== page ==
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Neighbourly considerations

Amiti Sen | Updated on January 16, 2018

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Withdrawing MFN status to Pakistan could be self-defeating

Commerce and Industry Minister Nirmala Sitharaman’s recent statement that there has been no meeting yet on withdrawal of Most Favoured Nation (MFN) status given to Pakistan in 1996 indicates that the Centre may not be in a hurry to ban trade with its neighbour. Refraining from a knee-jerk reaction on the economic front following the killing of Indian soldiers by militants in Uri last month is a wise step. The violence and loss of life of soldiers at the border is reason for pain and indignation, but misdirected anger could worsen things. The call from some for withdrawal of MFN status to Pakistan results from ignorance of ground realities. Many making the demand have no clue that MFN status — a requirement under WTO norms — does not result in special favours for the recipient country; it means that it will be treated as other WTO member countries, without discrimination.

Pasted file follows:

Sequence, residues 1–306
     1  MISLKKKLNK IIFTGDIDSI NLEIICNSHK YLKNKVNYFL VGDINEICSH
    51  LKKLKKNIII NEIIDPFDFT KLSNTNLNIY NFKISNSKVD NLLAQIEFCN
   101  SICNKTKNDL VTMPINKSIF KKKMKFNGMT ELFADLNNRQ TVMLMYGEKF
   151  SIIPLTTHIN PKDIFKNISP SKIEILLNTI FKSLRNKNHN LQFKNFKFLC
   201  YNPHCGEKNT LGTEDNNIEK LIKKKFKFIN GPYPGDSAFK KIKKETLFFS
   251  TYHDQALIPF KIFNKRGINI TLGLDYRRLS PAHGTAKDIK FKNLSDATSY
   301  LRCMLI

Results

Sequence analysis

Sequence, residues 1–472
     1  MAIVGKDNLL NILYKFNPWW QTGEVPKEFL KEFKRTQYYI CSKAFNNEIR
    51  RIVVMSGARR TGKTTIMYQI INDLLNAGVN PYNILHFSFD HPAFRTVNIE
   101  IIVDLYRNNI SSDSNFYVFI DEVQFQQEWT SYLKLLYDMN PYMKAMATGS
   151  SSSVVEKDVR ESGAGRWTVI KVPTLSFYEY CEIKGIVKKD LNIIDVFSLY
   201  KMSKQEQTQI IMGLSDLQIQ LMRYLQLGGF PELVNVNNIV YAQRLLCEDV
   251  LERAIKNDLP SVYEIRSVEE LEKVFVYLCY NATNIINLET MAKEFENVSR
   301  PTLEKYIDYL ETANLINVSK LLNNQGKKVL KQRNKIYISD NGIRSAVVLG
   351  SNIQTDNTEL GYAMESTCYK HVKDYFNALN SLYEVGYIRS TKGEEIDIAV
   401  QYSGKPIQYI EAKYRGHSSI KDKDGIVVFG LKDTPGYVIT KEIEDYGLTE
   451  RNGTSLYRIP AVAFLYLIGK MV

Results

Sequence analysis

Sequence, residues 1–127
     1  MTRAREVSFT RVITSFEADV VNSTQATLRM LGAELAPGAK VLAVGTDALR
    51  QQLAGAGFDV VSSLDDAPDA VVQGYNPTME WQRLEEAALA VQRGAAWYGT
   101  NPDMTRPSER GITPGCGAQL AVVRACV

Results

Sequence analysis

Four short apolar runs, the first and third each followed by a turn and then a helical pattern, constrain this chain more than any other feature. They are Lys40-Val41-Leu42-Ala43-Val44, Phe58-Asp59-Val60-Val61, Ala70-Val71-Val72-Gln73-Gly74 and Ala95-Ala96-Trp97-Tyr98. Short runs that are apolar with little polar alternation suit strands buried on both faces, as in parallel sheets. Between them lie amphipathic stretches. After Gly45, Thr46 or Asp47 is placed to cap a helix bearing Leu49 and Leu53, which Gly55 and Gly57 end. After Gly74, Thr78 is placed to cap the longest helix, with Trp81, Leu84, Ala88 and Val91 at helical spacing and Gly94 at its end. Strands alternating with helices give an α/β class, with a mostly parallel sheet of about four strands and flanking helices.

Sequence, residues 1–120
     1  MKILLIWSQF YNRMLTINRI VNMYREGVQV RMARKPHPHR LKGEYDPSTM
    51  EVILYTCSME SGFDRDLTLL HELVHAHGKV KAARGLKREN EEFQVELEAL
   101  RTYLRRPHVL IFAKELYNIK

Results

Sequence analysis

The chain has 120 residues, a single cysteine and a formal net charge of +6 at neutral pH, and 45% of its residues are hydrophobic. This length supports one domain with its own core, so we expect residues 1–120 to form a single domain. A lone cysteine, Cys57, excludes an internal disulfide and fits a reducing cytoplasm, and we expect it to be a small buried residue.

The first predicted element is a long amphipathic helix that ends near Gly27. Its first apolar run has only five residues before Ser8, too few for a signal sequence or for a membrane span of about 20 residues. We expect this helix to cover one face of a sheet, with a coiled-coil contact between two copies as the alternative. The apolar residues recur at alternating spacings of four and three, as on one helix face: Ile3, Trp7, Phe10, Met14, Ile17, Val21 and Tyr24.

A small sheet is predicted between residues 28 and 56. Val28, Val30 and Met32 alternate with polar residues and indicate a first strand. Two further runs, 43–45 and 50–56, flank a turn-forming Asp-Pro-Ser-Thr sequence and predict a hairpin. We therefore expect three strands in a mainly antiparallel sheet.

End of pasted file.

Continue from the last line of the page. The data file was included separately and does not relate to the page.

If India withdraws MFN and bans all imports from Pakistan (there is no point banning just a few items), there’s no doubt our neighbour would do the same. Although Pakistan has not extended MFN status to India, it allows more than 6,000 items to be imported and disallows only 1,206. Since India exports $2.17 billion worth compared to less than $500 million worth imports, banning bilateral trade would hit Indians more than Pakistanis. Although compared to India’s total export volume of over $300 billion, its exports to Pakistan are minuscule , blocking trade could affect vulnerable sections such as traders, drivers and other labour, causing huge misery and distress. There are many reasons for youngsters joining militant groups, and unemployment is certainly one of them.

One must support one’s country in times of war, but no country can afford to be at constant war with its neighbour. There are no better emissaries of peace than traders and exporters in both countries who know they can thrive only if bilateral relations are robust.

Deputy Editor

Published on October 23, 2016

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